| 12:05 am on Apr 18, 2002 (gmt 0)|
how surprising that yet another US government official has forgotten that the Internet isn't a US property
I think all govt's have been a bit guilty of this sort of attitude... Like France trying to tell Yahoo what it can and cannot allow on it's auction sites? Or Germany trying to tell Google what outdated links is must remove from it's index, and how quickly they must be removed?
| 12:30 am on Apr 18, 2002 (gmt 0)|
Actually the US does own the Internet. They created it after all. Internic is just a shell name for the US Department of Commerce. ICANN only rules because they have been allowed to by the US DOC. There is no constitutional separations like there is between church and state.
I would like to see ICANN get moved to be a UN organization. Countries should not be able to attack the Internet with there stupid laws only the world government should be able to impose laws on gTLDs.
| 12:42 am on Apr 18, 2002 (gmt 0)|
Interesting Lisa....I've missed that until now :)
It seems that when folks try to fix a problem, they attack it by exclusion. A more proactive approach is to develope an accomodating situation based on inclusion.
That was my particular point on using something at least like .kid so that included sites would be specifically monitored and allowed to participate based on meeting the established model from the get-go. I hear that is the approach for .aero which would be "aviation only" based.
It isn't practical to move backwards trying to clean up the mess already made, don't you think?
| 1:06 am on Apr 18, 2002 (gmt 0)|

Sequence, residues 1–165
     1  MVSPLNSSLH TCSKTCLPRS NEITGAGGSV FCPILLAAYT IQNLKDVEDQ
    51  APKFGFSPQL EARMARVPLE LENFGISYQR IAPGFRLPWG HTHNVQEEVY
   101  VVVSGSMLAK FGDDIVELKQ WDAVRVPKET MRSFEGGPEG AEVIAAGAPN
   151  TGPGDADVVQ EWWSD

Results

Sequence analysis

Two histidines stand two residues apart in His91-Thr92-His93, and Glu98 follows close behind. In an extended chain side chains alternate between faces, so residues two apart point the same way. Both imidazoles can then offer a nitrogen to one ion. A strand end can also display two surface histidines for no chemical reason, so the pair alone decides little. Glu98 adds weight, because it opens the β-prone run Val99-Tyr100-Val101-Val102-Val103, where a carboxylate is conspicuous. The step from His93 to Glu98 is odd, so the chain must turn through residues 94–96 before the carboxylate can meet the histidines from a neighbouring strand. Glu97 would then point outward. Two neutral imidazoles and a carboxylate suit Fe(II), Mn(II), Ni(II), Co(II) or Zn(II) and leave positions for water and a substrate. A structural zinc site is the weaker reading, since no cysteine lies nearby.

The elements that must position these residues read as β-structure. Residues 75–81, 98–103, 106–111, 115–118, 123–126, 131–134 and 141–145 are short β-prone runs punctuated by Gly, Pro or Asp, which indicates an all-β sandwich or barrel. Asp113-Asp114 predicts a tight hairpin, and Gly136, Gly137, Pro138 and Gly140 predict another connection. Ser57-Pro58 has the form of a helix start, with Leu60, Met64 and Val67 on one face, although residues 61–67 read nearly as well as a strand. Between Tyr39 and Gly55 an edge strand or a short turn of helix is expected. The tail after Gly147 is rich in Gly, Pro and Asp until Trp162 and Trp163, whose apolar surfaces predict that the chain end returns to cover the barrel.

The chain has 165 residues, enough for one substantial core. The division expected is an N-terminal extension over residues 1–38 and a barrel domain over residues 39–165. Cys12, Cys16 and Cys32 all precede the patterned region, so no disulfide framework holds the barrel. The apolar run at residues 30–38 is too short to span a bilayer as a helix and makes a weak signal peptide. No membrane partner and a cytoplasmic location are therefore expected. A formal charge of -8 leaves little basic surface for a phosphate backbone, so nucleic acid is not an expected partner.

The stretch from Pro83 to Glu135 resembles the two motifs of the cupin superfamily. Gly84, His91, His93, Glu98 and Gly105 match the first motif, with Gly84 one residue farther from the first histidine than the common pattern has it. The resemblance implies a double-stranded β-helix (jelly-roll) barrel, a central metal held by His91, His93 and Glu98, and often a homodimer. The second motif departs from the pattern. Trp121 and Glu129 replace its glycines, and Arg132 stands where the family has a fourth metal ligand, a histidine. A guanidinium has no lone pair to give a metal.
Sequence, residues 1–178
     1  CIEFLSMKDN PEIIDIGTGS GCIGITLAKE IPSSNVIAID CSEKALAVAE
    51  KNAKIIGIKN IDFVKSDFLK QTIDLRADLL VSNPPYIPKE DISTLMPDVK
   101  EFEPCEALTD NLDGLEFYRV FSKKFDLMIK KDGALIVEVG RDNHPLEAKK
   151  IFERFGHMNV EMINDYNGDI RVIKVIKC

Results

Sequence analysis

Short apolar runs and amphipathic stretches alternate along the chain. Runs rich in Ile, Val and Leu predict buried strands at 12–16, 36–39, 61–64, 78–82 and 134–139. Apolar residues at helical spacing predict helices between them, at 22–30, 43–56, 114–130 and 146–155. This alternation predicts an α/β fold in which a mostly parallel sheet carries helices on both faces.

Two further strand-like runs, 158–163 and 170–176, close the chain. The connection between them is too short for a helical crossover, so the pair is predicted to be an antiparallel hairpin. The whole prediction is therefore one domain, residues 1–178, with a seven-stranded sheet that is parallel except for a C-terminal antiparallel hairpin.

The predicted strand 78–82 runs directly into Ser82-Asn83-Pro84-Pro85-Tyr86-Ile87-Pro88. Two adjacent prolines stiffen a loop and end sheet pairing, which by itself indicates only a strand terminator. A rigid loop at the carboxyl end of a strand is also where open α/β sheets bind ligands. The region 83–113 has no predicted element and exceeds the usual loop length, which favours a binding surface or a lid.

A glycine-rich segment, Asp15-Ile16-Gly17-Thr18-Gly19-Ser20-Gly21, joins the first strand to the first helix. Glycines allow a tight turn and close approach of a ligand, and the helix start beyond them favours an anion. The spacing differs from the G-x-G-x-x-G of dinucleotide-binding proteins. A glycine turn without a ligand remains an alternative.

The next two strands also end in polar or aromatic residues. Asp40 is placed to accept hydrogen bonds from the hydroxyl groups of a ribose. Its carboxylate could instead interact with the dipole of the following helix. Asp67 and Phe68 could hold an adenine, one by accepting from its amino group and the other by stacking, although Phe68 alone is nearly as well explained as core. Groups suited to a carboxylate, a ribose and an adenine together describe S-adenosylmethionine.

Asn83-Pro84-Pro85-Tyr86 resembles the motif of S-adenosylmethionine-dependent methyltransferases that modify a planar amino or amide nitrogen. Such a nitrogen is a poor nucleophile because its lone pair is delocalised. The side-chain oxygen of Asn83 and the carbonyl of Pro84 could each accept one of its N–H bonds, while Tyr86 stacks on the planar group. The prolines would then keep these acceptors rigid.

Actually the US does own the Internet.
The groups who regulate domain names and whatnot may be US companies, but I think all the folks running major server farms outside US boundaries might take a wee bit of issue with purported US ownership of the entire network.
The internet as a whole has grown a bit beyond US "ownership" at this stage,
I'd say... no matter where ICANN, et. al. may be legally enthroned. I'd say the Internet is a strange beast existing in its own international limbo in most legal respects.
I would like to see ICANN get moved to be a UN organization.
Oh sure, and next you'll be saying there's no problem with those black helicopters that follow me everywhere too... and then comes the one world gov't, and... and.... and...
| 3:48 am on Apr 18, 2002 (gmt 0)|
The US Govnt created the servers, soon it became something that could be commercialized which is where we are @ today with companies like UUNet ;)
And I thought Gore created the Internet ;)
| 6:49 pm on Apr 20, 2002 (gmt 0)|
Take out the Root Servers and watch the Internet stop! Don't kid yourself, the US DOC is just like the US CIA. They both appoint proxy governments to rule. UUnet is nothing if their IP blocks get pulled ARIN/ICANN. The organization at the top is still the US government.
There is nothing wrong with a few black helicopters, So what if a few extra birds watching me get groceries. ;)